Identity proofing is proof of whom you are. Proving one’s identity starts with that person answering questions that only they themselves can answer (even if the answers are fictitious), such as their favorite movie, mother’s maiden name or name of their high school. Since most people provide real answers (that can be found online) rather than “Pointy Ear Vulcan Science Academy” as the name of their high school, this technique is on its way to the dogs.
Michael Chertoff, the former chief of the Department of Homeland Security, stated, “I’m going to submit to you that in the 21st Century, the most important asset that we have to protect as individuals and as part of our nation is the control of our identity, who we are, how we identify ourselves, whether other people are permitted to masquerade and pretend to be us, and thereby damage our livelihood, damage our assets, damage our reputation, damage our standing in our community.”
New Jersey suffered one of the biggest unemployment frauds, and to date, has identified over 300,000 people who attempted to fraudulently collect benefits via ID theft, among other improper schemes but also honest errors. However, New Jersey is turning things around.
It’s the only state that’s used identity proofing to fight unemployment benefit fraud, which mandates that job applicants verify a number of personal details through a quiz on New Jersey’s labor department’s website.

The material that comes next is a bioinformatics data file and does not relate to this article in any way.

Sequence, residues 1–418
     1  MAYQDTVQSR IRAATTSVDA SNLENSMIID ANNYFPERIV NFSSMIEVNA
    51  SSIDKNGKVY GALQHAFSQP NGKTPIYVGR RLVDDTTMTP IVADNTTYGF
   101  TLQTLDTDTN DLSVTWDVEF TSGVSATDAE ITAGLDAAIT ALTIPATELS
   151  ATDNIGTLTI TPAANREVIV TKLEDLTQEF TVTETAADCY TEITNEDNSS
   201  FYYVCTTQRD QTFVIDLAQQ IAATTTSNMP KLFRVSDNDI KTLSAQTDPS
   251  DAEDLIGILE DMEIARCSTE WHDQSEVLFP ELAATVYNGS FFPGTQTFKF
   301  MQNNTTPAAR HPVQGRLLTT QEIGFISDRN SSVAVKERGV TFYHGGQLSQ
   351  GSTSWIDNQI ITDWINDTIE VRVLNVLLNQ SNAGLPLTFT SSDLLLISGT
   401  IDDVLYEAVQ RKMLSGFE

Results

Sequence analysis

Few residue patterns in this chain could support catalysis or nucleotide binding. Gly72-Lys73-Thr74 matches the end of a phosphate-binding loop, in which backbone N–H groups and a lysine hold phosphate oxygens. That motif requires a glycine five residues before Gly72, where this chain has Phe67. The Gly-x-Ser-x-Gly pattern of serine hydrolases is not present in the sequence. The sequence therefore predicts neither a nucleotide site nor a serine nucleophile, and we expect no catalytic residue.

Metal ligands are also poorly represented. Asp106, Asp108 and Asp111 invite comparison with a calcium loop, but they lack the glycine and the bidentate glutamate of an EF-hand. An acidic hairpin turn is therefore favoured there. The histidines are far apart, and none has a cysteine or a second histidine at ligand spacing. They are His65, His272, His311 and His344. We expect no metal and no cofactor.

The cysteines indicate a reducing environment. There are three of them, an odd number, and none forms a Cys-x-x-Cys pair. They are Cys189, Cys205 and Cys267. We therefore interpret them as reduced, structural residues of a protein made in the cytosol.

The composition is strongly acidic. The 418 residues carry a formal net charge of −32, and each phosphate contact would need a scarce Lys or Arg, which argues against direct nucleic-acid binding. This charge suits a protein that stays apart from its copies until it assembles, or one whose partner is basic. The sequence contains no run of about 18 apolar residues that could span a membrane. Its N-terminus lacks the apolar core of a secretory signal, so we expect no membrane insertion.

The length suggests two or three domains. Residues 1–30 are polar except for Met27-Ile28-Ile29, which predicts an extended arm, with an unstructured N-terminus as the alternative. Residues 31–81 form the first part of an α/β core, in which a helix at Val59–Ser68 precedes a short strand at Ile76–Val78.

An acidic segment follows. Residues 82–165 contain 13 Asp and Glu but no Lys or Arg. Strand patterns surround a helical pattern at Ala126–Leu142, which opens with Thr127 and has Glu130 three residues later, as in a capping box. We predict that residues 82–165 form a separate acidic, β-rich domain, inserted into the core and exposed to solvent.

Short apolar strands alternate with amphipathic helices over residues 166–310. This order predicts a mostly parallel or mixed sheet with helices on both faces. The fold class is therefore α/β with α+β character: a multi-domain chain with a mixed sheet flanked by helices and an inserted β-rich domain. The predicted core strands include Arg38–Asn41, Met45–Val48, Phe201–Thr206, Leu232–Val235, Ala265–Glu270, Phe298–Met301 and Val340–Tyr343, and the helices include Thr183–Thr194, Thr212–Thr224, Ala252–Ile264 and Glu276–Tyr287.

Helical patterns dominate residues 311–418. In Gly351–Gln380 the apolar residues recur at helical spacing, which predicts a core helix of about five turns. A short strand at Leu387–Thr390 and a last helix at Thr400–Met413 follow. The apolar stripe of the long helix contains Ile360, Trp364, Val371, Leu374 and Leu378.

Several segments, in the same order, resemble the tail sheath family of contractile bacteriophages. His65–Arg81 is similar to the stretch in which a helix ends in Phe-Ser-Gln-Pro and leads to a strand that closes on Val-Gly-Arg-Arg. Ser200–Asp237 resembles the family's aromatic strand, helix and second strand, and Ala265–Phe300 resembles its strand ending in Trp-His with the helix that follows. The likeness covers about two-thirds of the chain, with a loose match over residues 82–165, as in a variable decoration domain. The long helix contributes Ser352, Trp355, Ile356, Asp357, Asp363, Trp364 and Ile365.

The use of billions of public records, collected by LexisNexis, verifies the details, to filter out imposters seeking unemployment benefits. The idea is for honest people to provide answers to questions: information that crooks can’t extract from googling.
This approach has rewarded New Jersey well, with nearly 650 cases of potential ID theft prevented. The state has also saved $65 million since May 2012 after blocking foreign IP addresses from gaining access to its unemployment system. Other states are following suit.
Improper payments (including for jobless benefits) have been occurring for years. Over $176 million in grants, to stop this problem, was issued by Washington in 2013 to 40 states. The errors in unemployment benefits payments on a national level have been about 10 percent for the past 10 years.
Businesses and government frequently must take the brunt of the fraud and waste despite an unemployment insurance system in place.